“Stylish but Shallow: The upside is you have great taste. The downside is you’re completely shallow.”

When Holly gets the above result from a Cosmo personality test, it somehow hits her harder than the hundreds she’s taken before. And although she’s already started and discarded dozens of self-improvement schemes, this time she’s determined to stick to one, even if it involves death by yoga, herbal supplement-induced diarrhea, or – heavens forbid! – getting outside.

I confess, I picked this up and put it back down quite quickly some time ago – the opening is really not very enthralling. I couldn’t quite figure out if it was fiction (in which case I thought the opening read terribly!) or a non-fiction, in which case the style is a bit more forgivable: first person, confessional-type thing.

Sticking with it – one of my New Year’s resolutions being to finish stuff! – it quickly gets much better, and yes, it’s fiction. It turned out to be an amusing pastiche of self-help books, told through one woman’s journal as she works her way through a life-changing program. Holly, a housewife and mother of three, is living a self-confessed ‘perfect’ life, and yet so miserable she’s a borderline alcoholic with binge-eating issues and a possible child-neglect charge in her future. Likeable? Heck no. But, she is self-deprecating and funny enough in her journals that I didn’t utterly hate her.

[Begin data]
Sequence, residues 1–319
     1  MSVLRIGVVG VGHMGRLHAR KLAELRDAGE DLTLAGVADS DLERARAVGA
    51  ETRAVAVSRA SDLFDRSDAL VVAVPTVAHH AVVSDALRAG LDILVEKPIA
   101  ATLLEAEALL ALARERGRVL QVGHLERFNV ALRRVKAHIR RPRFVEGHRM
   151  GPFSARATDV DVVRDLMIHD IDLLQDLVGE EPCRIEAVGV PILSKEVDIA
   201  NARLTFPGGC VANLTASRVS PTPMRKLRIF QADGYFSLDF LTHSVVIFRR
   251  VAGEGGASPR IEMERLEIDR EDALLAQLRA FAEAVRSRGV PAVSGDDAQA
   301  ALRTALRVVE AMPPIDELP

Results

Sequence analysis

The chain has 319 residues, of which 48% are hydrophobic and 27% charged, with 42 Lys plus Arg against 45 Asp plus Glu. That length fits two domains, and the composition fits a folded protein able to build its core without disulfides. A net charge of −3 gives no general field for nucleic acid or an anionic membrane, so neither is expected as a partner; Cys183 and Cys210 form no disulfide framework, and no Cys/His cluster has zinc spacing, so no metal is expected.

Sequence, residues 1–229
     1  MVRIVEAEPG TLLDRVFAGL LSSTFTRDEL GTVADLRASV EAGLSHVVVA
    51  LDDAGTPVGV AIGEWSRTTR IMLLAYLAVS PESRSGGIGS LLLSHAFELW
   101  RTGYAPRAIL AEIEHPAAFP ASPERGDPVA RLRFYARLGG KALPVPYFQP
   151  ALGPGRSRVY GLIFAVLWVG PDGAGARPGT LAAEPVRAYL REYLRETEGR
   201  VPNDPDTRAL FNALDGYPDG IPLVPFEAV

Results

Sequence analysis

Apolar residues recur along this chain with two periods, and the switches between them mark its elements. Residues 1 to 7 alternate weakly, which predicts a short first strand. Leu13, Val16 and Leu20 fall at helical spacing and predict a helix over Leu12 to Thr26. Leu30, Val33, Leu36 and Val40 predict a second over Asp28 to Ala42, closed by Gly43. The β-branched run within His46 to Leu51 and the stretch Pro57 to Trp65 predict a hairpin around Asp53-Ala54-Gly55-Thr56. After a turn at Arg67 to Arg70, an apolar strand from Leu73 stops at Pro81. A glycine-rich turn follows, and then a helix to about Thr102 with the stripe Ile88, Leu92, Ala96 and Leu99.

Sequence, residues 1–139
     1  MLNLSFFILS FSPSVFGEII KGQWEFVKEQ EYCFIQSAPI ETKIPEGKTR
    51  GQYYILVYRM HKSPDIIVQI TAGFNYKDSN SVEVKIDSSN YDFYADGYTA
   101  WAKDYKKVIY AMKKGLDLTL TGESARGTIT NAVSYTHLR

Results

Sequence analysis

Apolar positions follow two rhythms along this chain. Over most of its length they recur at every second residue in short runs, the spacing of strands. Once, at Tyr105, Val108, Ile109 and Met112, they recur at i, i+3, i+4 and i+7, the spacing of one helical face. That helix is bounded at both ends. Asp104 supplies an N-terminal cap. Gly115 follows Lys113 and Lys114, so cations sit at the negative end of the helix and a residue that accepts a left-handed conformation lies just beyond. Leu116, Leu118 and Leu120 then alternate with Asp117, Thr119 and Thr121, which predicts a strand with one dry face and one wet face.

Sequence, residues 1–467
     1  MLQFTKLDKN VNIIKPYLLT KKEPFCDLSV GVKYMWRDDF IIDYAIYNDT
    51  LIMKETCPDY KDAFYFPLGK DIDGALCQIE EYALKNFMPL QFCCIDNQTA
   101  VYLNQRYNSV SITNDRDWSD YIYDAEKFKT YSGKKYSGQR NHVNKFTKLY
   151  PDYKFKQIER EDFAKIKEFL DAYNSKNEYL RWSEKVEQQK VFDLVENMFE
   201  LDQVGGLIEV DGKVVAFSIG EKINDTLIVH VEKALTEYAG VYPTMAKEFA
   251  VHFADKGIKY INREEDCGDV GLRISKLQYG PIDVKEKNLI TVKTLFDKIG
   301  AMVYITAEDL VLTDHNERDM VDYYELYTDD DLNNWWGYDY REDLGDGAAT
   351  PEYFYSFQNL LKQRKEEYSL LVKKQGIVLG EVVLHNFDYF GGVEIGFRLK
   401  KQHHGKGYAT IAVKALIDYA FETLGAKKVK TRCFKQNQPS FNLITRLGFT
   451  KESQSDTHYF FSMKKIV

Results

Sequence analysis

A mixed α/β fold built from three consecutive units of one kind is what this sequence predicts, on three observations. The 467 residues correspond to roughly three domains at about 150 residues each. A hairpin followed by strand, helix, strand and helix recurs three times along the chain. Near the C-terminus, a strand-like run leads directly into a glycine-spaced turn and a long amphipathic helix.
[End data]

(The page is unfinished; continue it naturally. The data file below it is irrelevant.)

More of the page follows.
Of course, there’s a massive element of wish-fulfillment going on here, and that runs the risk of being irritating. Holly suffers her fair share of disasters, of course, but you know exactly how this is going to work out.

And yet… I still really enjoyed the read! This is so not my choice of genre, but I was obviously in the mood for some light-hearted fluff. More, despite the utter hippy-tastic nature of the book-within-book, I couldn’t help but wish that I, too, could find a self-help tome to make my life that much shinier…! 😉

Rather disappointing that the author hasn’t written anything else, as she has an easy to read style – once you’re past those opening paragraphs, so stick with it!

NetGalley eARC: 327 pages in diary format
First published: 2012
Series: none
Read from 3rd-9th January 2017

My rating: 7/10